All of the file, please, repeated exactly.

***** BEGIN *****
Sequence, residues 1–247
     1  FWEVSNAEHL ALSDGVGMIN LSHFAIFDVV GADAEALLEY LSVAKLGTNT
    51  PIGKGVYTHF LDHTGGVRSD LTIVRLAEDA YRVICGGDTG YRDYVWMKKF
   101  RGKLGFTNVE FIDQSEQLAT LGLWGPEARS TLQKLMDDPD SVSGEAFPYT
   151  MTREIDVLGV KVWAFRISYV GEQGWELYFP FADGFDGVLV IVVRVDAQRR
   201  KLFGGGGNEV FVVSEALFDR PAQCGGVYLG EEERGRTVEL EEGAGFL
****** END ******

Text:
Sequence, residues 1–247
     1  FWEVSNAEHL ALSDGVGMIN LSHFAIFDVV GADAEALLEY LSVAKLGTNT
    51  PIGKGVYTHF LDHTGGVRSD LTIVRLAEDA YRVICGGDTG YRDYVWMKKF
   101  RGKLGFTNVE FIDQSEQLAT LGLWGPEARS TLQKLMDDPD SVSGEAFPYT
   151  MTREIDVLGV KVWAFRISYV GEQGWELYFP FADGFDGVLV IVVRVDAQRR
   201  KLFGGGGNEV FVVSEALFDR PAQCGGVYLG EEERGRTVEL EEGAGFL